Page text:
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Earth Is Now Our Only Shareholder

If we have any hope of a thriving planet—much less a business—it is going to take all of us doing what we can with the resources we have. This is what we can do.

Read Yvon’s Letter

Zoe Hart Climbs Early Season Ice

Zoe Hart  /  Nov 02, 2007  /  3 Min Read  /  Climbing


The fall begins to bring grey weather, and we endorphin junkies and fresh-air addicts begin to get itchy. Trapped indoors as the rock gets desperately cold on the finger tips, the sun begins to hibernate, and there is not enough snow to strap toys to our feet. So we start pulling on plastic or hanging upside down from dry tooling crags with huge aspirations of climbing HARD this winter.

Whispers float through the valley. It does not matter if that valley is Canmore’s Bow Valley, or the Ouray’s San Juans, or the Alps’ Chamonix Valley. It is like the childhood game of telephone. The keeners rise early, scraping frost from the dashboards, sipping coffee en route to the crag, juggling butterflies of excitement and nervousness at the first day of swinging tools. Keenness and ambition often outweigh reason, and long approaches are made for thin slivers of ice, half-formed routes, and unprotectable climbs. More often than not, the day is spent making a long drive and approach to scare the crap out of yourself on one pitch, and then to boldly back off and walk away blaming it on the conditions.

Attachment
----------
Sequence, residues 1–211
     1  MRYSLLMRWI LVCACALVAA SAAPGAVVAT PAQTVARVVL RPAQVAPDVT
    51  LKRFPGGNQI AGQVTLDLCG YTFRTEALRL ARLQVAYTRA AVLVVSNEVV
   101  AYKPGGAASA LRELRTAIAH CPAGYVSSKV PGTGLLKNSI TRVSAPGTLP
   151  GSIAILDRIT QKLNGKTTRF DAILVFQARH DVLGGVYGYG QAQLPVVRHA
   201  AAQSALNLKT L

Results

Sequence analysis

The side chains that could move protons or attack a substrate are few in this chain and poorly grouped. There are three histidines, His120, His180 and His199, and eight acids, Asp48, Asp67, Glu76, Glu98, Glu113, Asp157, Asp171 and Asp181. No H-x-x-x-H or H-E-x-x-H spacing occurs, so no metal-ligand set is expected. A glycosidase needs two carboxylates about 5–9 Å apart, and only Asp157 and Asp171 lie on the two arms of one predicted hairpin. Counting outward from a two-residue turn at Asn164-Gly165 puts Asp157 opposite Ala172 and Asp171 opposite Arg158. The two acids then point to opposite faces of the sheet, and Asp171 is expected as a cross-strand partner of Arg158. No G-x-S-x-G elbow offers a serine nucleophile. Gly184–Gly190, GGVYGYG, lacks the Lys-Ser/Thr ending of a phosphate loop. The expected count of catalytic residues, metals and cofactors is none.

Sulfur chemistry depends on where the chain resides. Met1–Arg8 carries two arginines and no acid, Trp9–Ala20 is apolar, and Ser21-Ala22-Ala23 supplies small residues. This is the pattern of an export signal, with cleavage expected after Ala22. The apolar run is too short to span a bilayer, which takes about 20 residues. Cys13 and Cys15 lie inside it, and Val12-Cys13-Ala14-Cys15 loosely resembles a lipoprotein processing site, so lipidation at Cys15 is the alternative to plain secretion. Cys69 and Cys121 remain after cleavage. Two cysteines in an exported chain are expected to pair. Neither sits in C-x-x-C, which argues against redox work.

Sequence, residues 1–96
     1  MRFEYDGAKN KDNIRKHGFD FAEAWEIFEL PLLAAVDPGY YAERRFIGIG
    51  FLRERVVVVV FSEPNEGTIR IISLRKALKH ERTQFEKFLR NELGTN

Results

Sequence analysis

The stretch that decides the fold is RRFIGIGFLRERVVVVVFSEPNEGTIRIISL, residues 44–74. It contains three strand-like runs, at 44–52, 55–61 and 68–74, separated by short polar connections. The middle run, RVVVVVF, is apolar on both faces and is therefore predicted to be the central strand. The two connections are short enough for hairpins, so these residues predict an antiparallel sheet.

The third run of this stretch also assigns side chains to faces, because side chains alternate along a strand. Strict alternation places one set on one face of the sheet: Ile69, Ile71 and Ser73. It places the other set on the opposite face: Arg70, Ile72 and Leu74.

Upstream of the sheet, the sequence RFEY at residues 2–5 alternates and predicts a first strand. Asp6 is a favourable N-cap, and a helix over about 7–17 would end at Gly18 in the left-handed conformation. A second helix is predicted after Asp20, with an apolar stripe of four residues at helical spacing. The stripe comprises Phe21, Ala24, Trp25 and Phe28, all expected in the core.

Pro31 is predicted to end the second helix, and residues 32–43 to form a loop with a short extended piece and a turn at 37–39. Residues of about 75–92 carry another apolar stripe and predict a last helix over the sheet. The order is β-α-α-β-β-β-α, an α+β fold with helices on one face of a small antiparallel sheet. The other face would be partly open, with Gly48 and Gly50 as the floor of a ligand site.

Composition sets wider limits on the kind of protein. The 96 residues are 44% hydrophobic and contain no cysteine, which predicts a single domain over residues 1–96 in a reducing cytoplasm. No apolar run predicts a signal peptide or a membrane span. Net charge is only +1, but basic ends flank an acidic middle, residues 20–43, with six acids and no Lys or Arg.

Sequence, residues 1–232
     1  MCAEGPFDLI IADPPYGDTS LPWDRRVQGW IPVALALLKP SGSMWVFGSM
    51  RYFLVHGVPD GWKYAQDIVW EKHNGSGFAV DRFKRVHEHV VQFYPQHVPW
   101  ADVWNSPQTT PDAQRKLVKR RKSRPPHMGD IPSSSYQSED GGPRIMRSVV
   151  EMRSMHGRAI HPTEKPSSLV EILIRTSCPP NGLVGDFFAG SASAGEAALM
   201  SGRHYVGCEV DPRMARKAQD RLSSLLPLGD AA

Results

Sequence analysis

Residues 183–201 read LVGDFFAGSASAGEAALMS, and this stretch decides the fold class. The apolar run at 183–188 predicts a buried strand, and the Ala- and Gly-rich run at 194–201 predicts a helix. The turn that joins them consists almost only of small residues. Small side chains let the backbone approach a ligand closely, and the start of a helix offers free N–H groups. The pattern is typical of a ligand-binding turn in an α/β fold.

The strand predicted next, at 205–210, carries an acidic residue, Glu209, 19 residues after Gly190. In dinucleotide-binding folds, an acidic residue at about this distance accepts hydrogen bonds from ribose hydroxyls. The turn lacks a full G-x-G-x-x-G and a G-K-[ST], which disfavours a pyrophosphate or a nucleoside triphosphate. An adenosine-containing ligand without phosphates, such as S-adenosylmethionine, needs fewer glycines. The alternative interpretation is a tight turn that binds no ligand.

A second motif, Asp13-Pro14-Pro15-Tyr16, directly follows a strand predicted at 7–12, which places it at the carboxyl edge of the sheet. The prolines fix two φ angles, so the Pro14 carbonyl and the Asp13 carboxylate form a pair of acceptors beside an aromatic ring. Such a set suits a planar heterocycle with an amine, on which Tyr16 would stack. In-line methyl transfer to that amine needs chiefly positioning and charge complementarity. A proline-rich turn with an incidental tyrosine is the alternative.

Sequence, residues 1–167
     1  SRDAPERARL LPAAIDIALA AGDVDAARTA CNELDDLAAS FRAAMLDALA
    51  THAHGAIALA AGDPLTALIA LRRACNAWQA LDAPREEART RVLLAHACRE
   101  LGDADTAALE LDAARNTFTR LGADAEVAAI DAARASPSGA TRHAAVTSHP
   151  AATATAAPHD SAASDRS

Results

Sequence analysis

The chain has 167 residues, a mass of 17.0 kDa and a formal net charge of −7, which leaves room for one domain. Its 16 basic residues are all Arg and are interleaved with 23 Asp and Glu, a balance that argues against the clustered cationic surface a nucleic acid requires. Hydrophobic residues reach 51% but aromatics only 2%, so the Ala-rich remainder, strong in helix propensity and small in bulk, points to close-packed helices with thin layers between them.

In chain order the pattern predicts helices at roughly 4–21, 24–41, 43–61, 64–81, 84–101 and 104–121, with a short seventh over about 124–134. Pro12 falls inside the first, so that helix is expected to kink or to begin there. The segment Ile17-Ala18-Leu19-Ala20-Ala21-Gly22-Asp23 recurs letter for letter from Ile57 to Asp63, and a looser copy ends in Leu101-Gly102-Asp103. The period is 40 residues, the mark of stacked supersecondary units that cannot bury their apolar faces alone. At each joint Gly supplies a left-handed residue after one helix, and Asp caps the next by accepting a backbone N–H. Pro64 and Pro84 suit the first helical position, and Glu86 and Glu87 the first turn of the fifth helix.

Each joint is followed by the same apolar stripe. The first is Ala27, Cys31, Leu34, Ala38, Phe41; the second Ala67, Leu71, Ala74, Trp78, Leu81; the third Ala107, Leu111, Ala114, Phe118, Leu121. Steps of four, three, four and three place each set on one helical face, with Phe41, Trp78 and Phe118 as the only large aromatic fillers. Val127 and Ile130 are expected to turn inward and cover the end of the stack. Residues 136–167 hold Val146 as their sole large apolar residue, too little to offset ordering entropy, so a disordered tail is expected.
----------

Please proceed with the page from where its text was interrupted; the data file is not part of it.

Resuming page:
[Zoe Hart, January 2007, back on the ice the day after getting her cast off. Photo: Maxime Turgeon]

As the cycle begins this year, I find myself in Banff, Alberta. My new tools and screws still with tags hanging on them, despite being a year old, due to a broken hand last year. I fell prey to the process of keenness, versus conditions and the headspace of early season ice, and got thrown wildly off the horse. After a 60-foot fall last year — broken into two 30-foot sections, and two impacts: the ledge and the ground — I am a bit gun shy. The desire is there, but the butterflies in my belly are more like monsters than pretty little fluttering insects.

Maybe this year I will wait to hear the words “fat” and “juicy” before I set out.

[Ed’s note: For more on Patagonia ambassador Zoe Hart, check out Chasing Glaciers, her bio on Grivel’s site and her new blog Alpine Princess.]



Rehab after the fall. Photo: Mark Ryle


The top arrow shows where Zoe fell, the bottom arrow, where she landed. Photo: Jason Nelson


Team Grivel — Zoe Hart, Steve House and Maxime Turgeon — on Zoe’s first day back after getting her cast off. Photo: Maxime Turgeon


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